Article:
Add your own file to /etc/profile.d and have it change it by using
I have some troubles with permanently setting my PATH env var in VectorLinux (7.0). I know that I should add some lines like these to ~/.bash_profile:
So now, the path should be modified whenever I'm working in bash. But it does not change. Even after rebooting echo $PATH always gives me the same default PATH in a bash.
The path of my .basrc file is
It is wierd that my file has nothing but the path I set.I think I am using a file at the wrong location or that I have lost my .bashrc file as none of the environment variables set here seem to work.
I have a user, say user1 which has modifications to its .bash_profile, one of them changing the PATH, eg: export PATH=/some/place:$PATH. This change works fine if I log on as user1 or do a su - user1.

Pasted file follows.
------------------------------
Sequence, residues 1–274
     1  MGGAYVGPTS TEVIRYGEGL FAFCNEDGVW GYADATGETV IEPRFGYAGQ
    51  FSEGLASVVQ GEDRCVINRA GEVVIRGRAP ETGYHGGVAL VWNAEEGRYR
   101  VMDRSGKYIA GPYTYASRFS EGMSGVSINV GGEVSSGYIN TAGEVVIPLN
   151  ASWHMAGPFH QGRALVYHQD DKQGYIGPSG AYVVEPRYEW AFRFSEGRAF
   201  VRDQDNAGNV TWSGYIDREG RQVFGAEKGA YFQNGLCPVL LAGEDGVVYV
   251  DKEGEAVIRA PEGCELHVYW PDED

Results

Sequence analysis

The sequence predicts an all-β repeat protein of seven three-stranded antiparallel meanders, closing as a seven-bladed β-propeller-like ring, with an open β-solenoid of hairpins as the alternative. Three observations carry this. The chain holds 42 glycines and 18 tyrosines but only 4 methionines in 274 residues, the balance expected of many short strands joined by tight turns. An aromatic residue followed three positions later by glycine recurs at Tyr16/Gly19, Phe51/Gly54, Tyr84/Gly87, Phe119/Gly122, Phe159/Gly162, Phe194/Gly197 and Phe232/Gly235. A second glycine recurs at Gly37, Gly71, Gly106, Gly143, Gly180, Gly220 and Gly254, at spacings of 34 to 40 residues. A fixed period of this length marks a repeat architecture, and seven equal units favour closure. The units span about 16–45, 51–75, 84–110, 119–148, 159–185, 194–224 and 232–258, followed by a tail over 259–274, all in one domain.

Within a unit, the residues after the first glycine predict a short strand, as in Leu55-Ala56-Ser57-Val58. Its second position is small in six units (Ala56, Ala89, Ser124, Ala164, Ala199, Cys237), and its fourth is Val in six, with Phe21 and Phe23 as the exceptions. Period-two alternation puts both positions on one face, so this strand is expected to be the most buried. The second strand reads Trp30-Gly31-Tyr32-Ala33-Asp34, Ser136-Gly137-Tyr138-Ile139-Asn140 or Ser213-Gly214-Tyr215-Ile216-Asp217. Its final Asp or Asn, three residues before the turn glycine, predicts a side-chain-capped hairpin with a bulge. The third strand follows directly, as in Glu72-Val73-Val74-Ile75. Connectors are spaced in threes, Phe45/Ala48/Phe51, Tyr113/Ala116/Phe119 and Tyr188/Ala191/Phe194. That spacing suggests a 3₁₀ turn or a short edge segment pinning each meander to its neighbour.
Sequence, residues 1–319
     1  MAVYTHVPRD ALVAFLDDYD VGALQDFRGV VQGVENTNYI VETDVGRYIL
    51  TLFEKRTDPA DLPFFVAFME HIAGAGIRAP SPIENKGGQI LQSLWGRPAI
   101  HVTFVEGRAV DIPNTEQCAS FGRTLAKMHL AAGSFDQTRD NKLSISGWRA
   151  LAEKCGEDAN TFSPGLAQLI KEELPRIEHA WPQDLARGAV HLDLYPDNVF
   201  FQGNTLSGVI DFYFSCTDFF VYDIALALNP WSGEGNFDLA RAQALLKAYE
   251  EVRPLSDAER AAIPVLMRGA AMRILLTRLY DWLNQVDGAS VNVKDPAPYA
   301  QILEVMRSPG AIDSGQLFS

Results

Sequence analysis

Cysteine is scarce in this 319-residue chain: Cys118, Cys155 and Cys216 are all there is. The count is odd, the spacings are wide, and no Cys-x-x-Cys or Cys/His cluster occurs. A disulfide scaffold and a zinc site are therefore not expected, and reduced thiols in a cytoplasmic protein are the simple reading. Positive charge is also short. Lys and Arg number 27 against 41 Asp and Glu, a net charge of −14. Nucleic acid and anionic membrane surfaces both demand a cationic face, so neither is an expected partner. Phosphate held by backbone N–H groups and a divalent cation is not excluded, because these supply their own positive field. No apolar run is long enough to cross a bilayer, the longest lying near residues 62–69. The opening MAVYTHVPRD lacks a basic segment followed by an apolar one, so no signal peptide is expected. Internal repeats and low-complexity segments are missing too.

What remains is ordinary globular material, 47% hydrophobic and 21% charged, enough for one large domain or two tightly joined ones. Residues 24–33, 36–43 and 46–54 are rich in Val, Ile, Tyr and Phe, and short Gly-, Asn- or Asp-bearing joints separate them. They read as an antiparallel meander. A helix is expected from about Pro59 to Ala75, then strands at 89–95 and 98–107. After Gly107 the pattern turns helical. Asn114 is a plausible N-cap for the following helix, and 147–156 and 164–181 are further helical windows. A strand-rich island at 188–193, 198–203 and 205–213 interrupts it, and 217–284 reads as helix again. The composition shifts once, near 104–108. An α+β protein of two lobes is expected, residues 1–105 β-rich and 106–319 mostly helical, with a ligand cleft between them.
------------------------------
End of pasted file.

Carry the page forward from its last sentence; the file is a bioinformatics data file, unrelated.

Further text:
But if I try to run a command via su as root, eg:
su -c test.sh oracle
(test contains echo $PATH)
It doesn't seem to have the modified PATH (or the root's PATH, for that matter).
I'm using a mac for some years now and as I'm currently learning ruby on rails, I felt like I should learn more about the system I'm using.
What's the difference and which is better to use when customizing my bash profile?
As far as I understand, the usual way to add a path to the PATH environment variable is by concatenating paths separated by the : character.
After installing Android SDK Platform-tools in my HOME folder, I attempted to define the path where ADB was located.
I need to use prebuilt binaries to compile Android from source.
The problem is, that seems like it's using the binaries I do not want it to use.
As far as I understand gcc from the first directory in PATH that contains gcc will be used.
I'm trying to get the names of files from a log file, without the path and special characters.
I have a file that contains lines like this: